The words "hotel coffee" are more than enough to strike fear in the hearts of serious coffee lovers. While some hotels are switching over to newer coffee makers like Keurig systems and others offer fancy provisions like in-room espresso machines, the standard in most is still the automatic drip coffee maker. Combine that with those plastic packets of coffee sitting out, and chances are, you're going to get one mediocre cup of coffee. But there are some small steps you can take to noticeably improve the taste. Short of bringing your own beans, grinder, and French press on your travels (hey, we wouldn't judge!), here's how to make the most of hotel coffee.
Wipe the coffee maker down, and run water through it once.
Wash the coffee maker well. Coffee usually leaves oil behind on surfaces of the equipment, which can lend a funky taste to your batch if it’s not washed well. Running vinegar through the machine is super effective for cleaning, but in the absence of that, a pre-brew cycle of just water is the next best option. Jonathan Riethmaier, co-founder of New Orleans Coffee and Bread and creator of District Bean, says that running the machine without coffee also helps the unit reach the proper temperature for a better brew.
Use bottled or filtered water.
Coffee is only as good as what’s in it, so start with quality water. Riethmaier uses bottled or filtered water, instead of tap. “Municipal water commonly includes substances in addition to H20, including calcium, chlorine, fluoride, iron, sulfates, and even micro-organisms,” he explains. “Many of these substances may go unnoticed when drinking water out of the tap, but they can create unwanted flavors when combined with the compounds in coffee.” Tap water isn’t completely off-limits, though. Good tap water — say, for example, in New York City — makes for good coffee.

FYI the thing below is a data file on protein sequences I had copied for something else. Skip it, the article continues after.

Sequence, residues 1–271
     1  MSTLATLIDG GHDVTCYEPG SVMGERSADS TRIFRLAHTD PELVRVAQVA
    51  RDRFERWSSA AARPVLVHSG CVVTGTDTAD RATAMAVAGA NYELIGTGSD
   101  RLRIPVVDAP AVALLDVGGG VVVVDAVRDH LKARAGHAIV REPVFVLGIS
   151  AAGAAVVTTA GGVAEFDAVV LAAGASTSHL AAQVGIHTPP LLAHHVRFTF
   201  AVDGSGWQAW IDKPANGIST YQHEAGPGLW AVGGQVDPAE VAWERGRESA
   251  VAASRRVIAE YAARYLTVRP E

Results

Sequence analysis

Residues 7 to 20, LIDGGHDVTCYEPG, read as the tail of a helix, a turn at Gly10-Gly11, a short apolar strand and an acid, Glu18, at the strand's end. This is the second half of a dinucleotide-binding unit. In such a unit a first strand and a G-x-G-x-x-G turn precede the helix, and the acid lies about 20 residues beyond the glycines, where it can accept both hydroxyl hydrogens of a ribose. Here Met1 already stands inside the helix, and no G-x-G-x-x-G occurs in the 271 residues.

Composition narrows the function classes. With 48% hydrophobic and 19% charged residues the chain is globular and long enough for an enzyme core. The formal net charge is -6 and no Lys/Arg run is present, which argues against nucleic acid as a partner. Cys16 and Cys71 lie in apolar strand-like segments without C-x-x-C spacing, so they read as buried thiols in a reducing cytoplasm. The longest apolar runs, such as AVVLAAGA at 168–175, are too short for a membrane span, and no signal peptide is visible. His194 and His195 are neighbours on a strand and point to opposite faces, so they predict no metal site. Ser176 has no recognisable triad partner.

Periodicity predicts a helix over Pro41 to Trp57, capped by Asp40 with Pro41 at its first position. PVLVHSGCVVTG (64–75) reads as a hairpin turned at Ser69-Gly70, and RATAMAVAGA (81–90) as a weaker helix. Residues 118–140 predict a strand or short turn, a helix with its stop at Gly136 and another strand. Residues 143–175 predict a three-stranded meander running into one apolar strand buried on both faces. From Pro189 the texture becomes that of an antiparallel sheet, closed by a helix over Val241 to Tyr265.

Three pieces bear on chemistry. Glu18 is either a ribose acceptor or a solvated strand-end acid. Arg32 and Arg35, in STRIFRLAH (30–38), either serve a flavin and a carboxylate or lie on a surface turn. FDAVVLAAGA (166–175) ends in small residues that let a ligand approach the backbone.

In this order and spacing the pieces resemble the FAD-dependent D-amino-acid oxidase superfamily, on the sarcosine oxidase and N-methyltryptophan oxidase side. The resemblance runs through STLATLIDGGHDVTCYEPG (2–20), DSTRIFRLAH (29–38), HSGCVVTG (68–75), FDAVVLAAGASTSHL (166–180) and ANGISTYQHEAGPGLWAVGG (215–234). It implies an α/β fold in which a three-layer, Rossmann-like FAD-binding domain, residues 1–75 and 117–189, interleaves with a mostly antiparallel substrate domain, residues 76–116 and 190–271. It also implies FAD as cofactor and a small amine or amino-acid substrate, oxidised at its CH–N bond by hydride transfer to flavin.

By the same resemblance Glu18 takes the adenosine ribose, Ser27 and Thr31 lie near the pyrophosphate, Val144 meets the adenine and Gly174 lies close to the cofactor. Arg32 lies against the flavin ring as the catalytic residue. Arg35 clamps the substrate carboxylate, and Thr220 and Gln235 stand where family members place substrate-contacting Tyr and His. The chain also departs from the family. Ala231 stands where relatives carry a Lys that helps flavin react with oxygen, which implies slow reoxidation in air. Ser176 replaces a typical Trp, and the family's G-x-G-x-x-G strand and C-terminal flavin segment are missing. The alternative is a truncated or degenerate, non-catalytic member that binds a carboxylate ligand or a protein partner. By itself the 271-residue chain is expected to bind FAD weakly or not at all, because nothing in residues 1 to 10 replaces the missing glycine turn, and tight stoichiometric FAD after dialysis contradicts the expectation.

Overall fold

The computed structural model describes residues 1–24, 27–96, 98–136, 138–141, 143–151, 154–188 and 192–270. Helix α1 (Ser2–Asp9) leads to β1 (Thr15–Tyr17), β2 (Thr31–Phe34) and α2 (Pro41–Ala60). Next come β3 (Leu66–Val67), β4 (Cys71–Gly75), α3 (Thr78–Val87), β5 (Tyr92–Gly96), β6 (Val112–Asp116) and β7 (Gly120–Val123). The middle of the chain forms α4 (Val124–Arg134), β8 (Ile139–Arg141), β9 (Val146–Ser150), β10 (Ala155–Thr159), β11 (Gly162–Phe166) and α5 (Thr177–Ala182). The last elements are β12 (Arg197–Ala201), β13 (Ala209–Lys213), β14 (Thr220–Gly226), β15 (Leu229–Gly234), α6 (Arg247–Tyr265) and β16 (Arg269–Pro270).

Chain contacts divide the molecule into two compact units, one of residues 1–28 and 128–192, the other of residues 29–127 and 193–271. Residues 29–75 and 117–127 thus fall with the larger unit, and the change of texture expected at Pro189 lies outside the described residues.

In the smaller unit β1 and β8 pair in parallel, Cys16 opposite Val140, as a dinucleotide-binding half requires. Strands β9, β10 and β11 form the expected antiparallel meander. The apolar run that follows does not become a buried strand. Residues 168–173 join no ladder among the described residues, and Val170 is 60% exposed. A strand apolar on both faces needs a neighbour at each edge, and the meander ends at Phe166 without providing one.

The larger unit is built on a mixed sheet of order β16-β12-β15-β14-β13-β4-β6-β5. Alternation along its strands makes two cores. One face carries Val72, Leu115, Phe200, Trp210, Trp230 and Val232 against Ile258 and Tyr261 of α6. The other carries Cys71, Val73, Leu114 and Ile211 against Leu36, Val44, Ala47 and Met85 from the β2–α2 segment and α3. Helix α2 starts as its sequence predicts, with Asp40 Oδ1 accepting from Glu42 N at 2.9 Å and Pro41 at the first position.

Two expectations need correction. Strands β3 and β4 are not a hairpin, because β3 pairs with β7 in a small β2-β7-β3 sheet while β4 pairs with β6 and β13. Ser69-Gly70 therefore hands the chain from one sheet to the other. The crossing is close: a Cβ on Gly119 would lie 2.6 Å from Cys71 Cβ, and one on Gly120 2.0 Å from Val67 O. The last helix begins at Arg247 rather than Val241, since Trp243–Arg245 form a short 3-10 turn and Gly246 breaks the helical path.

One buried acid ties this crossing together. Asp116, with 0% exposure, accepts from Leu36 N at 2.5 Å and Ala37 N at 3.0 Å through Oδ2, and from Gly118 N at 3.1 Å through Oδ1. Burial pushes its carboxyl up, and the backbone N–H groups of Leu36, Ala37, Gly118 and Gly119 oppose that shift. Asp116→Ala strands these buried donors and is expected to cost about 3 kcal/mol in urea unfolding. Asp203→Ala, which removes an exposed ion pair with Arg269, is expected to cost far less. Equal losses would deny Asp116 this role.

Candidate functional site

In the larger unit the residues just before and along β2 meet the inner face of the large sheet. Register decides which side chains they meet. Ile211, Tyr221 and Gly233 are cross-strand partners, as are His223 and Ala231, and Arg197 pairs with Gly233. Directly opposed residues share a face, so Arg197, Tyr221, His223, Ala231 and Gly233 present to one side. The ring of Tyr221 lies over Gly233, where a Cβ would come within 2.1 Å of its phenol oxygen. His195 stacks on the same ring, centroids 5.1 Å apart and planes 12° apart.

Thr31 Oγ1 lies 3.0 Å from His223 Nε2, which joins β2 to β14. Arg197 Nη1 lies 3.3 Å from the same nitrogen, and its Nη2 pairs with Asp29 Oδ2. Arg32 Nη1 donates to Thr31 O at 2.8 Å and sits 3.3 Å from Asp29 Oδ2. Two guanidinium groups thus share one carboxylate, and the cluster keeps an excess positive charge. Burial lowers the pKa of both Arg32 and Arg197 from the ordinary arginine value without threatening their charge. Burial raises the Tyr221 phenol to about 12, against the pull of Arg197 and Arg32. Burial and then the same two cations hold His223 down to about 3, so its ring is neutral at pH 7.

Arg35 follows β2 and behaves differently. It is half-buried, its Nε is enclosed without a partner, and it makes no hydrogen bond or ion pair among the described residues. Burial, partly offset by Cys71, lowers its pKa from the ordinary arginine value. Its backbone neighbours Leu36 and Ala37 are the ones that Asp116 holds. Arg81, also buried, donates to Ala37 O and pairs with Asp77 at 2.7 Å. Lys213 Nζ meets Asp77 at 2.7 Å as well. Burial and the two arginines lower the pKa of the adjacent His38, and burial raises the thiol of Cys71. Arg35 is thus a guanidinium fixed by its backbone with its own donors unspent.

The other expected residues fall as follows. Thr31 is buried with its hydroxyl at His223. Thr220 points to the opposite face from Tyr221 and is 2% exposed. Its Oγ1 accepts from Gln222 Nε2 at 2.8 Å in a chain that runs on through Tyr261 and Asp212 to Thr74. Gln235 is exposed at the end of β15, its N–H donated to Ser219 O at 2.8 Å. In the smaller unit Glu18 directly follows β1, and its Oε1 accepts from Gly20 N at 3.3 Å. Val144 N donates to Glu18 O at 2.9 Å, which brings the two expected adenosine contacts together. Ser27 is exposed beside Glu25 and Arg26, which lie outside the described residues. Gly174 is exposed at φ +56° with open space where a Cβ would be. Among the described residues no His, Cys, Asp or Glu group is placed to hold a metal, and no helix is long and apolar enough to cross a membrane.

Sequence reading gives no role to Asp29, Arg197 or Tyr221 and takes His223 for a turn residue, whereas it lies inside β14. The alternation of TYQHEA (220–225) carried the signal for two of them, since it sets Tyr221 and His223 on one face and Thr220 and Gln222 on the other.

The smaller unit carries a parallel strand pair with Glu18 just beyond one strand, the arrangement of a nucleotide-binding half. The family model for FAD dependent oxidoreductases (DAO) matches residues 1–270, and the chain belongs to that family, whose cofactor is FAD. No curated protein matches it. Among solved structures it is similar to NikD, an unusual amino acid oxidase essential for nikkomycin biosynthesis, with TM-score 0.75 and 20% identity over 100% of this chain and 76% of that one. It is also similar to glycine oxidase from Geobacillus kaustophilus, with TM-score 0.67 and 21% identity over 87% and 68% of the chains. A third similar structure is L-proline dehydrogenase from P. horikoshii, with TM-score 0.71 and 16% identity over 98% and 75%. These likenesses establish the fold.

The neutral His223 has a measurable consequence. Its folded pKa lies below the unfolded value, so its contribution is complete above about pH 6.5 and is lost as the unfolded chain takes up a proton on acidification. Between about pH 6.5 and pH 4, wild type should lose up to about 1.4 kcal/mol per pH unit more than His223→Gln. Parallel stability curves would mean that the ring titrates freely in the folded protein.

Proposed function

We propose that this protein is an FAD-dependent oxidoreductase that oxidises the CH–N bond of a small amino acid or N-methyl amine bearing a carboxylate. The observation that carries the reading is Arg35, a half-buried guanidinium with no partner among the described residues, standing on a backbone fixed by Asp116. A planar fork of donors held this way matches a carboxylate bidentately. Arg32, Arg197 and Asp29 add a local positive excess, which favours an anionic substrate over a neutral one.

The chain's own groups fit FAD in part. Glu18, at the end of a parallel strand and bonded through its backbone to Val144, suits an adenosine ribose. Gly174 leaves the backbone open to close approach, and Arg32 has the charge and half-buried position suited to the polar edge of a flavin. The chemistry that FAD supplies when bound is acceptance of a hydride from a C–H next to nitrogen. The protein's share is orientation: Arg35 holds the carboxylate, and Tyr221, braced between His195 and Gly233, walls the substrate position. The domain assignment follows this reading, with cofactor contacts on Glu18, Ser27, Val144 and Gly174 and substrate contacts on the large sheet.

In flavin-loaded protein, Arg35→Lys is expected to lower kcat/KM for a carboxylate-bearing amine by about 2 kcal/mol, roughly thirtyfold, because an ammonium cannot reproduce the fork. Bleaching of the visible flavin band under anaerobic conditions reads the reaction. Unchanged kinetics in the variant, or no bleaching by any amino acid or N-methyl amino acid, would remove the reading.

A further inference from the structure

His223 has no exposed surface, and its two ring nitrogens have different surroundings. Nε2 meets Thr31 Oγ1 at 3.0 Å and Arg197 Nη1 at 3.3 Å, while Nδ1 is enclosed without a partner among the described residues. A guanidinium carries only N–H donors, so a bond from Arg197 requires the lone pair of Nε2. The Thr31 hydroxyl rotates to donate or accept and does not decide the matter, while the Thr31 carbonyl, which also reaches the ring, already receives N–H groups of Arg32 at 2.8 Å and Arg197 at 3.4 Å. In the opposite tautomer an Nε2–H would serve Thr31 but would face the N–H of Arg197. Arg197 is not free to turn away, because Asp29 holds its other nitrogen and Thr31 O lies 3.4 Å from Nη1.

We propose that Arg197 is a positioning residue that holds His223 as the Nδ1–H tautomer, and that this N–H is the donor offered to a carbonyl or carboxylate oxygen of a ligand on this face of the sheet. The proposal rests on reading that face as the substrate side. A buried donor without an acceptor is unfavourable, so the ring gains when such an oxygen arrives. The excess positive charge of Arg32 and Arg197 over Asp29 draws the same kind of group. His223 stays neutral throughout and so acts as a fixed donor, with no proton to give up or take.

Heat the water before pouring it into the coffeemaker.
Hot water is crucial to making coffee, and that’s where many coffeemakers fall short. Water that’s not hot enough produces thin coffee with a weak flavor. The National Coffee Association recommends heating water to “195 to 205 degrees Fahrenheit for optimal extraction.” Running water through the machine once, like we mentioned before, should help. You can also avoid a weak brew by first boiling room temperature water in an in-room microwave, or if it’s available, a water kettle. Let the water rest for a moment before using it, though; water that’s too hot will burn your coffee, turning it bitter.
Add milk or cream.
“Remember that milk or cream can be your friend,” Riethmaier advises. He explains that either one can work wonders for “dulling unwanted tastes such as bitterness or roasty notes,” and creating “buttery, creamy flavors and a caramel-like aroma” in your coffee. While full fat or cream is best, even low fat milk helps.
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